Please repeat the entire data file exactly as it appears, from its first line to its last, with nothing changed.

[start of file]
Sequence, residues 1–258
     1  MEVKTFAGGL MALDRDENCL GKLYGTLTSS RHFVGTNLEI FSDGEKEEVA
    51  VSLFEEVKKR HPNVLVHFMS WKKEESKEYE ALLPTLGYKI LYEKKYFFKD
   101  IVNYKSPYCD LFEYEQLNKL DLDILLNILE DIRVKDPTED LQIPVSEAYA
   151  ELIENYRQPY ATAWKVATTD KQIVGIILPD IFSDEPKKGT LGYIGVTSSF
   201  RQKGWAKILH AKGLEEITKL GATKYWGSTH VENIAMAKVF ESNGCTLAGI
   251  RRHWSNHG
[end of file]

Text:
Sequence, residues 1–258
     1  MEVKTFAGGL MALDRDENCL GKLYGTLTSS RHFVGTNLEI FSDGEKEEVA
    51  VSLFEEVKKR HPNVLVHFMS WKKEESKEYE ALLPTLGYKI LYEKKYFFKD
   101  IVNYKSPYCD LFEYEQLNKL DLDILLNILE DIRVKDPTED LQIPVSEAYA
   151  ELIENYRQPY ATAWKVATTD KQIVGIILPD IFSDEPKKGT LGYIGVTSSF
   201  RQKGWAKILH AKGLEEITKL GATKYWGSTH VENIAMAKVF ESNGCTLAGI
   251  RRHWSNHG